Top 10 List: Worst Bible Translations

Update: I’m home now so my links are readily available.  This post has been updated with the 3 missing terrible translations as well as links to all of them.

There’s been much talk of the best Bible translations recently (see Doug Mangum’s post and TC’s response), and Doug Mangum is quite correct that personal preference plays a role in everyone’s ranking, but to date I haven’t seen a worst list yet.  So here’s my top 10 worst translations list, in no particular order.

1.    New World Translation (too many theologically motivated mistranslations)
2.    Concordant Literal New Testament (too mechanical, virtually unreadable)
3.    Contemporary English Version (doesn’t quite sound Biblish enough for me)
4.    New Century Version (same as above)
5.    The Message (what the Bible would sound like if God were Eugene Peterson)
6.    Young’s Literal Translation (too wooden)
7.    Any Sacred Name Version (too annoying)
8.    Good News Bible (HT: Andrew Bourne)
9.    God’s Word Translation (pretentious title)
10.  The Amplified Bible (Every word has a lexicon attached)

*Bonus: lolcat Bible Translation (HT: Jeff)

But there’s no need for a top 10 best translations list because there’s only one worth any attention: the KJV baby!   



57 thoughts on “Top 10 List: Worst Bible Translations

  1. People blast on Peterson a lot, but I think he does some interesting things. When you go through and try to translate difficult words, then check his translation, you can see that he’s trying to work with the research. I actually don’t think it’s half bad.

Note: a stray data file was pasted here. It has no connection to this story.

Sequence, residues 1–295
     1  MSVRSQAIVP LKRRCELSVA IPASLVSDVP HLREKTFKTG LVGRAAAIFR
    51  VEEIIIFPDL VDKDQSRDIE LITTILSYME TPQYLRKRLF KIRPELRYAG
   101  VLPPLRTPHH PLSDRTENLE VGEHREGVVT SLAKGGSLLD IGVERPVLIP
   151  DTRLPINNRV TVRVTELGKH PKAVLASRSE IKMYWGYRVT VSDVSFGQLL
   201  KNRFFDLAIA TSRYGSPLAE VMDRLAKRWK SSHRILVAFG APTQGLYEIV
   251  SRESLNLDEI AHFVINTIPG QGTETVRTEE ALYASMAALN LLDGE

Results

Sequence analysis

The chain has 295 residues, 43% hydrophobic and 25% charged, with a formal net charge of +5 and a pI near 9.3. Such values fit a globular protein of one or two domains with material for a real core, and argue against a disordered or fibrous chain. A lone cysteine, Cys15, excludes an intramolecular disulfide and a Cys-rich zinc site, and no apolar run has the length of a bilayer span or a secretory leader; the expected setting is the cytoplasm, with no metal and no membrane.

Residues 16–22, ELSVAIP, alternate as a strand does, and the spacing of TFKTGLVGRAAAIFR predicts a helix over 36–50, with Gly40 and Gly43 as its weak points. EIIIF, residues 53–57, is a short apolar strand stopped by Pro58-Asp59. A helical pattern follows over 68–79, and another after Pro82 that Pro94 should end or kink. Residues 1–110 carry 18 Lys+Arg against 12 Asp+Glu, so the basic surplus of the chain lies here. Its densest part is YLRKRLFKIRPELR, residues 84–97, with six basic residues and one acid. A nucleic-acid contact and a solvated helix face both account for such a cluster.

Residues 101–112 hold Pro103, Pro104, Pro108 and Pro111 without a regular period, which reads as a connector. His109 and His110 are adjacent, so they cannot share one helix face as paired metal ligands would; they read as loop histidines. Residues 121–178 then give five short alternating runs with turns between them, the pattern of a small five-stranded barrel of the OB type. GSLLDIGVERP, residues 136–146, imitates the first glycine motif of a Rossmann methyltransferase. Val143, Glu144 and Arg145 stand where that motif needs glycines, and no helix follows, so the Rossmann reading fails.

How about the KJV for your list? :)

  2. I would have put the Message at #2. I don’t know how Patrick thinks that the Message is not half bad. Compare Matthew 5:3-

    “Blessed are the poor in spirit, for theirs is the kingdom of heaven. (NIV)

    “You’re blessed when you’re at the end of your rope. With less of you there is more of God and his rule. (The Message)

    Or how about this beatitude-
    Matthew 5:7
    “You’re blessed when you care. At the moment of being ‘care-full,’ you find yourselves cared for. (The Message)

    Sorry, but the Message is simply terrible.

  3. Patrick: Yeah, some folks like it. I just can’t get behind it. As for your KJV comment, I’ll pretend I didn’t read such blasphemy!

    Brent: My list isn’t in any particular order. I don’t feel like expending the energy it would take to decide which was actually the worst and then move on from there. In my opinion they all suck!

    Andrew: Done! Good call.

    Jeff: I just threw up in my mouth!

  4. Roger: First of all, everyone likes the KJV, so weirdos aren’t unique in that sense. Secondly, weirdos like all kinds of things, I can’t go around writing it off just because of that. If I did then I’d have to stop reading half the blogs in my feed.

  5. Nick,

    You ignored the NKJV – all the anachronisms and mistranslations of the KJV without any of its poetry or authority.

    I tend to agree with Jeff. If I’m looking through a load of translations, I’ll tend to include the Message. Sometimes it gives an interesting point of view. I tend to view it more as Peterson’s commentary than a translation though.

  6. Damian: I ignored the NKJV because I like it. And I tend to avoid the Message like the plague.

    TC: That would be any of the many different “Sacred Name” versions out there. Sacred name versions “restore” the names of God (and often Hebrew names of people as well). Click any of the three links above for examples.